Drayton McLane had two goals in mind when he bought the Houston Astros professional baseball team 13 years ago.
Drayton McLane had two goals in mind when he bought
the Houston Astros professional baseball team 13 years ago.
The first was to turn the Astros into a champion.
Neither the Astros nor their in-state counterparts, the Texas Rangers,
had been to a World Series before – and McLane wanted to remedy that.
He says he thought the people of Texas deserved a winner.
McLane still is working on that objective, as the
Astros have not yet made it to a World Series. Their best chance was
last year, when they took the St. Louis Cardinals to seven games in the
National League Championship Series. And since the Astros are more than
a dozen games out of first place so far in 2005, that goal likely will
have to wait at least another year.
But the second goal is another story.
In addition to reaching the World Series, McLane
says he was determined to use the Astros as an outreach tool. A member
and deacon at First Baptist Church of Temple, Texas, McLane says he
wanted to use the team’s recognition and the role models on the roster
to make a positive influence in the community.
“I want to get involved and stand for spiritual
values,” McLane says. “We’re trying to use the influence and
recognition of the players and the team to represent noble purposes.”
McLane makes no apologies for insisting that the
Astros stand for integrity, honesty and high Christian principles. That
commitment can even affect personnel decisions. Although he says he
respects the religious beliefs of everyone on the team, he expects his
players to stay out of trouble.
“When players don’t behave properly, we move them
on,” he says. “We have one of the best clubhouses in Major League
Baseball. They’re congenial; they get along well together.”
That philosophy has led to a team full of decent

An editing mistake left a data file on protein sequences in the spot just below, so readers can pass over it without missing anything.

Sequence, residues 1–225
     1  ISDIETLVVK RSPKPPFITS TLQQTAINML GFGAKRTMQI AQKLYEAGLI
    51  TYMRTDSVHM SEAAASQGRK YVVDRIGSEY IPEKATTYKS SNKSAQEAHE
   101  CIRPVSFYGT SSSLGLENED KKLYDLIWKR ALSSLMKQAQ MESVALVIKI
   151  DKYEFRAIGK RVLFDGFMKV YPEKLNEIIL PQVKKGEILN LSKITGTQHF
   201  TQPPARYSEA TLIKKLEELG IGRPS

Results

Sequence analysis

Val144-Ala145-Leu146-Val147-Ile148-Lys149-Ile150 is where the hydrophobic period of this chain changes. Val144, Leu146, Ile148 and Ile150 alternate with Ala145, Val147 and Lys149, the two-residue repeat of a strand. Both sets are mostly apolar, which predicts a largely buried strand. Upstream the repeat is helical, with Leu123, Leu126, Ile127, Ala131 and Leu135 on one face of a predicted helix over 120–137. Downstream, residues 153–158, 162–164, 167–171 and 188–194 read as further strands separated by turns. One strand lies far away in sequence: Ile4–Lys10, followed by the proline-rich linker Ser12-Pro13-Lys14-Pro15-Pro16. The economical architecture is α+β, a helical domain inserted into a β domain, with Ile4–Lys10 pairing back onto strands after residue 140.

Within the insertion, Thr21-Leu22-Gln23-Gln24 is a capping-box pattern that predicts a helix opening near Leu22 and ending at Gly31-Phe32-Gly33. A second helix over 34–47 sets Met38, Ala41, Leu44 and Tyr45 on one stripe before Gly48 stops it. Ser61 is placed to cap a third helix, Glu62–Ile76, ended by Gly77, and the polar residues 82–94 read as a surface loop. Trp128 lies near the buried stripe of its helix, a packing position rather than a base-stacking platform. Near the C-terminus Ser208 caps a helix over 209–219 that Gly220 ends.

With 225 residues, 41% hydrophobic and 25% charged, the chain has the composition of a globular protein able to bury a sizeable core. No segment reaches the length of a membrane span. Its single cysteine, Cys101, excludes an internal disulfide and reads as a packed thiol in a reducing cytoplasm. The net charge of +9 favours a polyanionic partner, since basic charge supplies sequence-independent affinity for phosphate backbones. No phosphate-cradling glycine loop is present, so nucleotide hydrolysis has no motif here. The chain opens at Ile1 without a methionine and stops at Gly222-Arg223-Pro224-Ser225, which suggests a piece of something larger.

men, many of whom are Christians – including Lance Berkman, Morgan
Ensberg, Andy Pettitte, Adam Everett and Orlando Palmeiro, among
The Astros have an active community-relations
department and are the only team in baseball with a full-time chaplain.
The team was involved in more than 3,000 events in Houston last year,
including visits to youth groups, senior citizens groups and hospitals.
Team chaplain Gene Pemberton also conducts a team
Bible study twice a week when the Astros are at home. When they are
traveling, Berkman takes over that role.
All of that is due to McLane’s influence.
“He’s very outward in being a Christian,” Ensberg says of the team owner.
“That’s pretty admirable. You’re in a time when some
of that might be looked down upon by a lot of people, and yet, he
stands in the face of that.”
McLane says one of his priorities is to develop a
strong relationship with his players. He constantly is in the locker
room, talking to players and showing an interest in them as people, not
just as commodities to win baseball games.
“I try to get a personal relationship with every
player we’ve got – know them all personally, spend time with them,”
“I get to know all their families.”
Palmeiro vouches for McLane’s concern for the players on his team.
“Last year, I asked for a minute of his time, and he
gave me more than a minute of his time,” Palmeiro recounts. “He made
time for me.
“There’s so much stuff going on, and he remembered me. I was impressed with that.”
While McLane’s goal of winning a championship has
remained elusive, he obviously has been much more successful with his
second goal. And ultimately, it figures to be the more important one